This series blends old and new technologies by using a 170 year old technique to print digitally captured images. 

The body of work deals with urban decay and the elevation of the banal.  A neon sign, a factory with broken out windows, a church steeple in a stormy sky, or an abandoned toy on a rusty bulkhead. This ordinary decay is beautiful to me, as it readies the world for renewal.

The process of making cyanotypes was discovered 1842, though mainly as a means of reproducing notes and diagrams, like blueprints. It was Anna Atkins who brought this technique to photography. She created a limited series of cyanotype books that documented ferns and other plant life from her extensive seaweed collection. Atkins placed specimens directly onto coated paper, allowing the action of light to create a silhouette effect. By using this photogram process, Anna Atkins is regarded as the first female photographer.

The process of making cyanotypes was discovered 1842, though mainly as a means of reproducing notes and diagrams, like blueprints. It was Anna Atkins who brought this technique to photography. She created a limited series of cyanotype books that documented ferns and other plant life from her extensive seaweed collection. Atkins placed specimens directly onto coated paper, allowing the action of light to create a silhouette effect. By using this photogram process, Anna Atkins is regarded as the first female photographer.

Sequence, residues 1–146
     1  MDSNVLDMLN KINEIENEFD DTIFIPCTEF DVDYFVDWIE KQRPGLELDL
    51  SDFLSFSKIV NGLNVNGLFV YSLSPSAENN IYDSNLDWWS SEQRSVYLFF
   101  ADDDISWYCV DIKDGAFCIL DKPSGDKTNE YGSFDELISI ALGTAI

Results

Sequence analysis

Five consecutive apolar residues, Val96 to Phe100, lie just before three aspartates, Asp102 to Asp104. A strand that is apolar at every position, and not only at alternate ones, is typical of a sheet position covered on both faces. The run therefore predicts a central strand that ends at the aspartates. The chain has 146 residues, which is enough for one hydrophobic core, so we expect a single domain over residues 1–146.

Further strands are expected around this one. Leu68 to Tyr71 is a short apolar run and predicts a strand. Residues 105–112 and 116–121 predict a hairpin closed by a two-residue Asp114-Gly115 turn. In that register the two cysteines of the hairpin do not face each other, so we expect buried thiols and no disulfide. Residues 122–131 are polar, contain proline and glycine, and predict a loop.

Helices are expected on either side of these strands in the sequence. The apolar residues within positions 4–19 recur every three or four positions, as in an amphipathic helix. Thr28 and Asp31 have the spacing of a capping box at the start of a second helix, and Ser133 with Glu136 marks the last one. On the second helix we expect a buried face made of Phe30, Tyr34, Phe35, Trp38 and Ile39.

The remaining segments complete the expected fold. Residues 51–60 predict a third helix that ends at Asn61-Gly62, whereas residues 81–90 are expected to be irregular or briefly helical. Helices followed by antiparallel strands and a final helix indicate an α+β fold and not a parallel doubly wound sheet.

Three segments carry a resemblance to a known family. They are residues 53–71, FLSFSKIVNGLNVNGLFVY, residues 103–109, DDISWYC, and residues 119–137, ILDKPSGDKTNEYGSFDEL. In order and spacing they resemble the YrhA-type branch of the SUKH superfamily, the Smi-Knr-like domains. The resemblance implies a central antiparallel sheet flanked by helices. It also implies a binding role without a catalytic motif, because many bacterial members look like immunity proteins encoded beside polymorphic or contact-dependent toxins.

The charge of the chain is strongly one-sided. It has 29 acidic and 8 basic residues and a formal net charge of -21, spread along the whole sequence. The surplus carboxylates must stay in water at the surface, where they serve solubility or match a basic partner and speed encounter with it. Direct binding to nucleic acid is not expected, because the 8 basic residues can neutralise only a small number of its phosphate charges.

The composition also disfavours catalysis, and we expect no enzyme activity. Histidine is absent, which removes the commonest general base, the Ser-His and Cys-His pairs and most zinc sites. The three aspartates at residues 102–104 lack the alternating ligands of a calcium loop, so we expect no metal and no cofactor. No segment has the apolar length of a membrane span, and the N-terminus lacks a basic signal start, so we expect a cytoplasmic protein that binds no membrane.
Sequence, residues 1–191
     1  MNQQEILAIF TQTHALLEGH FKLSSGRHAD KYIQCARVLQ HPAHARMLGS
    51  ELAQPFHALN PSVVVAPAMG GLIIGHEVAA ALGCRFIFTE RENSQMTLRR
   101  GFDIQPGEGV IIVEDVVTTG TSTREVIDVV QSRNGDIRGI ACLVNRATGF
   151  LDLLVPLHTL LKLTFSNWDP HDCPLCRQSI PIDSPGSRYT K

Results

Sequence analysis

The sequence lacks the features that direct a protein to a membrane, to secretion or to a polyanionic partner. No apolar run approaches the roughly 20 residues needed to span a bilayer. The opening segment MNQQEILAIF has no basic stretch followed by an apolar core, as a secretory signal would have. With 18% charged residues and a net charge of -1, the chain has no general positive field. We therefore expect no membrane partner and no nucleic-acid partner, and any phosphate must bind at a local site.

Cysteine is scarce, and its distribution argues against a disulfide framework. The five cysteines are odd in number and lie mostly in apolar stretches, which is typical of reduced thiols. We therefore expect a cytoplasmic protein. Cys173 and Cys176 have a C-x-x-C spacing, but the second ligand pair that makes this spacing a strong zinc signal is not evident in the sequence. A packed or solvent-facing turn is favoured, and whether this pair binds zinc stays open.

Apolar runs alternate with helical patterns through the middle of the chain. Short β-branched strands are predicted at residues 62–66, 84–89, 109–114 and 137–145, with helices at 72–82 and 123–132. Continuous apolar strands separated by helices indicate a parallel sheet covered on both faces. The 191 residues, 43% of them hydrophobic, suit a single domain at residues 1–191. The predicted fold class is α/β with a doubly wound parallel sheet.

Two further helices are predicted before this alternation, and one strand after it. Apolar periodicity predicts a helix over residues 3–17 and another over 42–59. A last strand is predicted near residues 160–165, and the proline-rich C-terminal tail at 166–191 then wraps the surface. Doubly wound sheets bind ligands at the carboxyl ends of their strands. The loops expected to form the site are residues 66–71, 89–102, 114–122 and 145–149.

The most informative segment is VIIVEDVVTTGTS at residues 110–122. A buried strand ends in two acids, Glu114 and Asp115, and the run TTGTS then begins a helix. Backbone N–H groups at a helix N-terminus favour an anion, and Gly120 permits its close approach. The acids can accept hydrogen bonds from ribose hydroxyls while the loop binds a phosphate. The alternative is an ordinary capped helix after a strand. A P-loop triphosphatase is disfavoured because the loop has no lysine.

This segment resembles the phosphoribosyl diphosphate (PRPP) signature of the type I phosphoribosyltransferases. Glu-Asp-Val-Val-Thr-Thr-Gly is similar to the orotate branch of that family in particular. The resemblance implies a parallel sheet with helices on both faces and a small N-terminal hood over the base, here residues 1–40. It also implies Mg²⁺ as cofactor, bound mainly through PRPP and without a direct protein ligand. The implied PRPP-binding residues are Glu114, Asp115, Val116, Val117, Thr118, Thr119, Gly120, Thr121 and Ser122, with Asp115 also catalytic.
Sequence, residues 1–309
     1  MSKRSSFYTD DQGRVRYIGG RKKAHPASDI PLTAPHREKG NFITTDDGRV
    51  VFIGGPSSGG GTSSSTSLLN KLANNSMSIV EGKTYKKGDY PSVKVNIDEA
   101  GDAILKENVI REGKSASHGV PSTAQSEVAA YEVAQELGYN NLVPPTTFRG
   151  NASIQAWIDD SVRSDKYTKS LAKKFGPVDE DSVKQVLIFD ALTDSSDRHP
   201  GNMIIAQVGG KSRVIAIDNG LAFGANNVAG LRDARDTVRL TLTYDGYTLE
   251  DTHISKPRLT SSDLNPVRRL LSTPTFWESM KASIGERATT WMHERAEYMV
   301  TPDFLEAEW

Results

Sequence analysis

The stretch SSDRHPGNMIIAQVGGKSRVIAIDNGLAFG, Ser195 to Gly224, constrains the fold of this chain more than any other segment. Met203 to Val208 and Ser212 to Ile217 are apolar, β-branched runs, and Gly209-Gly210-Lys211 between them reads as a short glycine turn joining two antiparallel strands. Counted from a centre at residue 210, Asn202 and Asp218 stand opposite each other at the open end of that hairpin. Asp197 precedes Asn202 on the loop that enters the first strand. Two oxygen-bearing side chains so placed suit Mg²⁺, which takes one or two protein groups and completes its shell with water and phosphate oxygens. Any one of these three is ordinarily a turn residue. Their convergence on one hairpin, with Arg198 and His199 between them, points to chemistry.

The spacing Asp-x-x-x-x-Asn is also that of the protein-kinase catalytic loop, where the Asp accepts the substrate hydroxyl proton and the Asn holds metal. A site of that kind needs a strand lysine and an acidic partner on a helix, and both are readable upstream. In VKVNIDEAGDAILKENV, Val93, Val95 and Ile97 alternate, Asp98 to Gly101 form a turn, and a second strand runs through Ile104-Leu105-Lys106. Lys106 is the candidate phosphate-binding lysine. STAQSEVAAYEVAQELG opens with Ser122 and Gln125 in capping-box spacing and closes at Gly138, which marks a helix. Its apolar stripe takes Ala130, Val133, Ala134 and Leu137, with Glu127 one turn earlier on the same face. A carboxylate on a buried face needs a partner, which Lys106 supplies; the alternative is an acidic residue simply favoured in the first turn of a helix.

Process

Cyanotypes can be printed on any surface capable of soaking up the special iron-based photosensitive solution. An image is produced by exposing this solution to a source of ultraviolet light (such as sunlight) with a negative. The UV light reduces the iron(III) to iron(II). This is followed by a complex reaction of the iron(II) complex with ferricyanide. The result is an insoluble, blue dye (ferric ferrocyanide) known as Prussian blue, or cyan. The extent of color change is dependent on the amount of UV light. I have set up a UV light cabinet in my home, so I am able to reproduce the sun’s effects even during winter in New England. In contrast to most processes, cyanotype prints do not react well to basic environments. As a result it is not advised to put the print in chemically buffered museum board, as this will cause the image to fade. Another unusual characteristic of the cyanotype is its regenerative behavior: prints that have faded due to prolonged exposure to light can often be significantly restored to their original tone by simply temporarily storing them in a dark environment.